Jubilee (1977)

Amyl Nitrate reads a passage from her self-written history book

“So fantasy was substituted for them – films, books, pictures. They called it ‘art’. But when your desires become reality, you don’t need fantasy any longer, or art.”

Jubilee begins with the queen of England making a deal with a “dark angel” in order to travel to the future and see the future of her beloved country. When she arrives she finds an apocalyptic and punkish London and she is robbed of her crown and pearls. We meet characters from the films in a very loose and un-structured way,  if the viewer were just following this group of people is their anarchic lives.

Along the way we meet a historian who enjoys changing facts and molding history into her own “story”, a pyromaniac, two incestuous brothers and an artist in a love triangle, a lovesick nymphomaniac (played by Nell Campbell or Columbia from ‘Rocky Horror’), a psychotic queen-like woman in a tuxedo, a leather donning S&M housemaid, and a homeless punk boy who is going the be the best new thing, he “oozes sex”(played by Adam Ant). The vivid characters are the true story. The film features a myriad of punk icons and influential musicians like Siouxie and the Banshees, Adam and the Ants, The Slits, Wayne County, Toyah Wilcox, and the film itself is scored by Brian Eno.

Derek Jarman was one of the first openly gay public figures in the 1980s. This alone was a subject of controversy considering his films causally depicted homosexual relationships and much male nudity. His first film, Sebastiane was one of the first films to feature positive images of gay sexuality and simultaneously the first film to be entirely in Latin. Jarman was a lover of classical art and some of films include Caravaggio (a film about the painters life) and The Tempest (a surreal reinterpretation of Shakespeare’s play). His social connections were still somewhat in popular culture during his time. He directed many short films including his feature films. He also directed music videos for The Sex Pistols, Marianne Faithful, The Smiths, Pet Shop Boys, and Throbbing Gristle.

“Punk” is a hard term to pin down because its definition is to reject mainstream society and it faces an existential dilemma when put in the mainstream.  Ironically, punk came into the mainstream in the 1980s, creating a strong contradiction within its core. The movement itself decided to rise from working-class England and move to anti-commercialism campiness. It seemed that popular bands like the Sex Pistols were overrated and possibly a contradiction to their own genre. They spread the anti-commercialism message while selling more records.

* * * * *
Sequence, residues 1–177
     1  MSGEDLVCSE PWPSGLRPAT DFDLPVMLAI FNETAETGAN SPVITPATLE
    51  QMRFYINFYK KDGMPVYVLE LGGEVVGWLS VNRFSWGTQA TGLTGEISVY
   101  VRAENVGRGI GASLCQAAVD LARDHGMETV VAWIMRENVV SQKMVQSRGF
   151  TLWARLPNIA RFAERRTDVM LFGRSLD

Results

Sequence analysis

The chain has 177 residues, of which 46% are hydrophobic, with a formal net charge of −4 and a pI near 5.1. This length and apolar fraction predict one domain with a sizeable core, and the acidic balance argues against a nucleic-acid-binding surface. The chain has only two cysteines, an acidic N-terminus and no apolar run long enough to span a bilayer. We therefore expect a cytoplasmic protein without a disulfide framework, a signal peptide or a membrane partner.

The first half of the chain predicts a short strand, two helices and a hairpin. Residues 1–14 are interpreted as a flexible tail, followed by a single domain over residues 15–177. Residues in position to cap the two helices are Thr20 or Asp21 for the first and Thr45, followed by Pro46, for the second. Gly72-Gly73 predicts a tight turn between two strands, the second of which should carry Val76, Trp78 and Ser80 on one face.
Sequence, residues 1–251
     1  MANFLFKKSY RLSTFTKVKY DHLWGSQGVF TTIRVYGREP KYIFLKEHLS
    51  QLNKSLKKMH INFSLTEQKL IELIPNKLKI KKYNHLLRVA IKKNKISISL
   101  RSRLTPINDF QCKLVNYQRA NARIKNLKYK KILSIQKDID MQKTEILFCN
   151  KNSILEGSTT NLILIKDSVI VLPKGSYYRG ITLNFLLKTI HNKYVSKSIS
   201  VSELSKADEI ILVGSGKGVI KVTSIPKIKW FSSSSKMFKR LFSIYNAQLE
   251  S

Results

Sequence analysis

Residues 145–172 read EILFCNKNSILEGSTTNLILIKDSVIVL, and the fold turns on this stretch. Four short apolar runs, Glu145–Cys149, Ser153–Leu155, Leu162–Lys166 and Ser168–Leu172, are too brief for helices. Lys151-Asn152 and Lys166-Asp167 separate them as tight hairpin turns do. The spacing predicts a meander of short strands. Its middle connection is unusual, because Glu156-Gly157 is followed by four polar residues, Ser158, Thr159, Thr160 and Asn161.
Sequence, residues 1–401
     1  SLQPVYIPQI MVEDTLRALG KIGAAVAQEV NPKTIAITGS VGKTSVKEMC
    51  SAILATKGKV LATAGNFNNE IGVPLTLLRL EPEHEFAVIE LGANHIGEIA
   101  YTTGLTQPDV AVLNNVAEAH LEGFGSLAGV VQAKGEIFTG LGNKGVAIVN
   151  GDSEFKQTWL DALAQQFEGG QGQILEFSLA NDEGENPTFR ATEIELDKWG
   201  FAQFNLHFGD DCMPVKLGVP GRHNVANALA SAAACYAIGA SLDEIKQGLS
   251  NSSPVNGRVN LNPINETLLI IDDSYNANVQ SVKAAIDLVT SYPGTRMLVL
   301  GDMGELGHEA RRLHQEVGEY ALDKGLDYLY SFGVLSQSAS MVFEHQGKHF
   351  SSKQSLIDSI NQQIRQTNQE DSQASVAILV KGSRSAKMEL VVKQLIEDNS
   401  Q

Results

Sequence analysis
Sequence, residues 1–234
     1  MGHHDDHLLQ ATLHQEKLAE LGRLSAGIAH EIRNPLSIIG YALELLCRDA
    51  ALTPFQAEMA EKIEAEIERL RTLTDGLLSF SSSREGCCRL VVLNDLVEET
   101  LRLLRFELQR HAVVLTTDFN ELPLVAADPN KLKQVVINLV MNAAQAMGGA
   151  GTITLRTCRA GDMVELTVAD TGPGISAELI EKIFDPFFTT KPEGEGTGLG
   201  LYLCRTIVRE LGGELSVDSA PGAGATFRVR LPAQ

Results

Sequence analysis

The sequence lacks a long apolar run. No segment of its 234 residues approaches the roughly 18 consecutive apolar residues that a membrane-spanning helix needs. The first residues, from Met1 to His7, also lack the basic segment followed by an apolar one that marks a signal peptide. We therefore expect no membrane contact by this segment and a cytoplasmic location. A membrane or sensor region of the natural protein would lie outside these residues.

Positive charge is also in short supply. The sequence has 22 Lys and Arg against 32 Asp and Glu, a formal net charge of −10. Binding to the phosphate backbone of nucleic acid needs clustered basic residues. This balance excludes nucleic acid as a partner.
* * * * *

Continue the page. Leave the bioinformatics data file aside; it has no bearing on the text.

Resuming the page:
Jarman’s connection to pop culture and interest in classical style might have led him to create Jubilee. Jubilee is heavily influenced by the late 1970s punk style in its artistic and technical style. Technically the film’s a “punk” film in the sense that it is shot with grainy color, it has a loose plot or more a series of portraits in this society. The filming took advantage of abandoned buildings and modern ruins. It’s not a film for technical appreciation. Its low fidelity shooting style adds to the anarchistic or nihilistic aesthetic of the film. He had a sloppy way of shooting, editing, and poor actors that were a product of his creative decision and a low budget.

Though Jubilee seems to be a film promoting the punk message Jarman was actually trying to criticize the current state of England and the punk culture by exploiting it. He could almost be interpreted as the queen of England character. Not for the obvious he’s-a-gay-queen way, but because the queen represents his classical tastes. In the film the queen comments on the cruelty and chaos of London. The Queen’s thoughts could reflect Jarmans opinions on the matter. One of the great founders of punk and a famous fashion designer, Vivienne Westwood, designed a t-shirt called an “open letter” to Jarman denouncing the films and misrepresentations of punk. Jarman described the film as a “film about punk”, but later announced it had a much broader message.

With themes of rape, murder, assault, pyromania, incest, homosexuality, anti-capitalism, art, and anarchy Jubilee fits the mood and genre of punk. The film’s nihilistic philosophy and striking image that shows the music business monopolizing England and becoming a cover for the political issues in our world.

The loony characters interact with corny quotes and rather deep discussions concerning England’s history and philosophy. At times it feels like an essay rather than dialogue. Some scenes feel placed for shock value. It is clear that Jarman was knowledgeable yet disapproving of the punk scene. In one scene the pyromaniac carves the word “love” into the psychotic woman’s back it’s a scene that shows how nerveless these people are.

This film has become a cult film through its value to the artistic community and music fans, especially fans of the Punk genre that are looking for a document of the times. Films like these give a different dimension to a scene of music and tend to be loved and simultaneously criticized for misrepresentation. No one who lived through the real time will ever like a film generalizing a large portion of his or her life into two hours of film. Its no use to impress them if that’s the goal. Films like Jubilee can be criticizing or praising the movement it documents, but either way there is some documentation of it.

A scene where Amyl Nitrate sings a song called “Rule Britannia”

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